|Han Zhidi (漢質帝)|
|Family name:||Liu (劉; liú)|
|Given name:||Zuan (纘, zǔan)|
|Posthumous name:||Xiaozhi (孝質, xiào zhí)|
literary meaning: "filial and upright"
|Posthumous name:||Zhí (質, zhí)|
Emperor Zhi of Han (138-146) was an emperor of the Chinese Han Dynasty. He was a great-great-grandson of Emperor Zhang. His reign was dominated by Liang Ji, the brother of Empress Dowager Liang, who eventually poisoned the young emperor.
Emperor Zhi ascended the throne when he was seven when his third cousin, two-year-old Emperor Chong died, and although he was still a child, Emperor Zhi was remarkably intelligent and he knew and was offended by the immense power Liang Ji had over the government -- leading to him once commenting that Liang Ji was "an arrogant general." This act of defiance angered Liang Ji, who proceeded to poison the emperor. Emperor Zhi was only eight when he died.
In 145, when the two-year-old Emperor Chong died, he had no close male relative to inherit his throne. His stepmother Empress Dowager Liang (the wife of Emperor Shun) therefore summoned two of his third cousins -- Liu Suan (劉蒜), the Prince of Qinghe, and Liu Zuan, then seven-years-old, to the capital, to examine them as potential heir to the throne. (Prince Suan and Zuan were first cousins of each other, through their grandfather Liu Chong (劉寵), Prince Yi of Le'an.) Liu Suan was apparently an adult (although history did not record his age) and was described as solemn and proper, and the officials largely favored him. However, Empress Dowager Liang's autocratic and violent brother Liang Ji wanted a younger emperor so that he could remain in absolute control longer, and he persuaded Empress Dowager Liang to make the seven-year-old Zuan as emperor. To avoid having a person without an official title becoming emperor directly, he was first created the Marquess of Jianping, and then the same day he ascended the throne as Emperor Zhi.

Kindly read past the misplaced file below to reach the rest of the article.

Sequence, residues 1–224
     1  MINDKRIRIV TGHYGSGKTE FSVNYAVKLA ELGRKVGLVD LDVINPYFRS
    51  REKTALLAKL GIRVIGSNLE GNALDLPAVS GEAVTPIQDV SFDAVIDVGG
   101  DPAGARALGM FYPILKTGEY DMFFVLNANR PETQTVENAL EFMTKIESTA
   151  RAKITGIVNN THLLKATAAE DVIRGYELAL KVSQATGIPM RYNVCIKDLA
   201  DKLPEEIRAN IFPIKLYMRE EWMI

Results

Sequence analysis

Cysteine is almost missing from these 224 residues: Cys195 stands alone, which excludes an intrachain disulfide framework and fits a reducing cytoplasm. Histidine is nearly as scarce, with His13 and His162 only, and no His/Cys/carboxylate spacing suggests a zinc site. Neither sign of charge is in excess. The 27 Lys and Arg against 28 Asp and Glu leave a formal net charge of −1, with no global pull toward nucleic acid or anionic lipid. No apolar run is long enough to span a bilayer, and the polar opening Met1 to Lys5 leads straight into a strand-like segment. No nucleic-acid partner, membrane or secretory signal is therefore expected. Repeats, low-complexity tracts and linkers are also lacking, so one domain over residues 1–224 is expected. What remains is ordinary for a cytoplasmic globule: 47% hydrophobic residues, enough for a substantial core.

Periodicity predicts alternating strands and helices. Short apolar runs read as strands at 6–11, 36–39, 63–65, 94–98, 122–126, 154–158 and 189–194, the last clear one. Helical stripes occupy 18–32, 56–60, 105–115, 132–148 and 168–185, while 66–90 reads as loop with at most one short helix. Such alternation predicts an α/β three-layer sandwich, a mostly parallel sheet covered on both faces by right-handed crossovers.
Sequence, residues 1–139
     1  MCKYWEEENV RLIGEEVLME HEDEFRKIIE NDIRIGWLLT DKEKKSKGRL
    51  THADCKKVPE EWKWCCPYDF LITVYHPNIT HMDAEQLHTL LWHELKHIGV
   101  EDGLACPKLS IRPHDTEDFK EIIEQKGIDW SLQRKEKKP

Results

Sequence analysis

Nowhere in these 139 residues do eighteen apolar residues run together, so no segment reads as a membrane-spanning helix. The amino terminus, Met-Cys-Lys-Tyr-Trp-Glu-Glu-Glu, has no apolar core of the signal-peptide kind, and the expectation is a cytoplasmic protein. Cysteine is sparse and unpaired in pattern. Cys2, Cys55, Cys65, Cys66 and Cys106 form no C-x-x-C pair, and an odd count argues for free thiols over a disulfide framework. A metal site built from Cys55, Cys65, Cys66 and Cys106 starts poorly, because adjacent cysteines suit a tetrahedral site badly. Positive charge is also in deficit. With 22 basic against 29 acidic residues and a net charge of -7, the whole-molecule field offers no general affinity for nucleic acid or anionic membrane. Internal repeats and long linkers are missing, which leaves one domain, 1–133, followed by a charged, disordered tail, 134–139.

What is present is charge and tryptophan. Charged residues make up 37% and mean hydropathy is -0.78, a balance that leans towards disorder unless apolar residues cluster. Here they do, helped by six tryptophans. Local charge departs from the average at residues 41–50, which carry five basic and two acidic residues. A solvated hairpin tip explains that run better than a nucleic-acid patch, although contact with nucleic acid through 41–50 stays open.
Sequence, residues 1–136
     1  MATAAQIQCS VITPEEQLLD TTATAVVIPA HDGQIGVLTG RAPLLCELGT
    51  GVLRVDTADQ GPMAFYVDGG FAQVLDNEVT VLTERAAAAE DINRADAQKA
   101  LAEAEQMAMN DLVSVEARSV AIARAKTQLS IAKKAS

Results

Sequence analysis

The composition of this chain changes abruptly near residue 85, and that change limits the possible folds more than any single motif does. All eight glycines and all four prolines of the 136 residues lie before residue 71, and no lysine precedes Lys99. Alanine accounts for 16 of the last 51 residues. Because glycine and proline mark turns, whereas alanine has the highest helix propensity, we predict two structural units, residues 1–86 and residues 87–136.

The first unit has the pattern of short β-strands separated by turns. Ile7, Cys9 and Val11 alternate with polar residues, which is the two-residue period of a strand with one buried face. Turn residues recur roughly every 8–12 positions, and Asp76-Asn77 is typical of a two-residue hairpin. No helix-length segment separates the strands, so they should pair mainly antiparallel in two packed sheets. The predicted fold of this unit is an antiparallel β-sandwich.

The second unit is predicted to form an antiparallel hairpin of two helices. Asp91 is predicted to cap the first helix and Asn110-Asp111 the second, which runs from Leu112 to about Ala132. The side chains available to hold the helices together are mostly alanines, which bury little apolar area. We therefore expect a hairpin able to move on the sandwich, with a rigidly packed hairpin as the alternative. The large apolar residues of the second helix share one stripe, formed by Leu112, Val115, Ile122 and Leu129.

Emperor Zhi, as young as he was, was keenly aware of how much Liang Ji was abusing power (but oddly enough, not aware of how Liang Ji also had the power to do him harm), and on one occasion, at an imperial gathering, he blinked at Liang Ji and referred to him as "an arrogant general." Liang Ji became angry and concerned. In the summer of 146, he poisoned a bowl of pastry soup and had it given to the emperor. After the young emperor consumed the soup, he quickly suffered great pain, and he summoned Li immediately and also requested water, believing that water would save him. However, Liang immediately ordered that the emperor not be given any water, and (regardless of whether water would have helped), the young emperor immediately died. Li advocated a full investigation, but Liang was able to have the investigation efforts suppressed.
After Emperor Zhi's death, Liang Ji, under pressure by the key officials, was forced to summon a meeting of the officials to decide whom to enthrone as the new emperor. The officials were again largely in favor of Prince Suan, but Liang Ji was still concerned about how he would be difficult to control. Rather, he persuaded Empress Dowager Liang to make the 14-year-old Liu Zhi (劉志), the Marquess of Liwu, a great-grandson of Emperor Zhang, to whom Liang Ji's younger sister Liang Nüying (梁女瑩) was betrothed, emperor (as Emperor Huan).
Long after Emperor Zhi's death, in 175, Emperor Ling bestowed on Emperor Zhi's mother Consort Chen the honorific title of Princess Xiao of Bohai, in recognition of her status as mother of an emperor.